NASA's Crew-1 Dragon is abandoning November 14 as it reschedules its launch date by Sunday, November 15, because of the forecasted weather and ocean conditions by Saturday. NASA and SpaceX hold another last-minute change for the historic launch of the four-person Dragon crew heading towards the International Space Station (ISS).
Another Delay for the Crew-1's Historic Launch
The National Aeronautics and Space Administration's Administrator Jim Bridenstine shared in a tweet that the agency and a private company, SpaceX, decided to launch another day for the crew's safety and the spacecraft. This would be a preventive measure on NASA's end as Saturday night sees terrible weather.
Update: Due to onshore winds and recovery operations, @NASA and @SpaceX are targeting launch of the Crew-1 mission with astronauts to the @Space_Station at 7:27 p.m. EST Sunday, Nov. 15. The first stage booster is planned to be reused to fly astronauts on Crew-2. #LaunchAmerica — Jim Bridenstine (@JimBridenstine) November 13, 2020
According to Florida Today, The space agency regards a "70 percent" weather condition for a "go" in Saturday's launch, but now decides that it would not be risking a rigorous search in the Atlantic should the rockets fail and abort missions.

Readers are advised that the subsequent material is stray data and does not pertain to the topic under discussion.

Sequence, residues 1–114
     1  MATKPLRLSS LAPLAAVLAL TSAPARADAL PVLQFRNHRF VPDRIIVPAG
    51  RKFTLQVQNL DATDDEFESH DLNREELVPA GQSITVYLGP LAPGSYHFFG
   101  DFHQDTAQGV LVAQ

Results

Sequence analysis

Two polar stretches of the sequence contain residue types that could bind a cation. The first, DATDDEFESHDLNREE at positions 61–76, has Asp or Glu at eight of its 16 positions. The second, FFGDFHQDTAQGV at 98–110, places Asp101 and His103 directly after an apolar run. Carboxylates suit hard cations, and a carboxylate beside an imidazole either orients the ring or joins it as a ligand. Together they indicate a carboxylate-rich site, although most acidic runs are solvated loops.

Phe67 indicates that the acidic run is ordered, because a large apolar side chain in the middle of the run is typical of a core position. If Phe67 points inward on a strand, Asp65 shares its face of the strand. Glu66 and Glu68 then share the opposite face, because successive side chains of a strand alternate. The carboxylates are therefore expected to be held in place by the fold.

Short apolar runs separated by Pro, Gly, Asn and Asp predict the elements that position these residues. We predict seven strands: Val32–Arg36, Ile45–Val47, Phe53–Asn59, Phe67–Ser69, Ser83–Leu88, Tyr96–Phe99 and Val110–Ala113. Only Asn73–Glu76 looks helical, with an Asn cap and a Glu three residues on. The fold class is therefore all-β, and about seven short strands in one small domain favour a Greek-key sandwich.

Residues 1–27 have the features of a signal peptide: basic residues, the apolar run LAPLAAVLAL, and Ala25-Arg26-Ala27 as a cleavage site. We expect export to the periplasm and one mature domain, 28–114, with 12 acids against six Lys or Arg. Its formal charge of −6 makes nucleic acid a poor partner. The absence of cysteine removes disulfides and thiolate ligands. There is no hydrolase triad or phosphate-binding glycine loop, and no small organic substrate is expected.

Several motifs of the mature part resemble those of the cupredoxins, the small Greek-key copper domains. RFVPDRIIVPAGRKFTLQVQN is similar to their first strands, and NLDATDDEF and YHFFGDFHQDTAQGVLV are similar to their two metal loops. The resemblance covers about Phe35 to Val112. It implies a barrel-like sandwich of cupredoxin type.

The Crew-1 Dragon's mission has been delayed for many instances now, and it faces another, hours before its supposed launch sequences. The team was preparing for the launch readiness meeting when NASA Administration held a press conference to address Saturday's situation.
NASA and SpaceX's Crew-1 Dragon: To #LaunchAmerica after Almost a Decade
The mission, also known as #LaunchAmerica, is a historical fulfillment of NASA's plan to launch humans right on the country's home soil. Almost a decade has passed since the last actual human launch in the country and from the Kennedy Space Station, making Crew-1's 2020 a historical event for the space agency.
This mission is also the first instance where NASA opens its doors to private space companies using their design and technology for the country's tasks and bidding. SpaceX is the first to be chosen by NASA to bring the astronauts to the ISS, joining NASA Astronaut Kate Rubins and Russian spacemen.
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Written by Isaiah Alonzo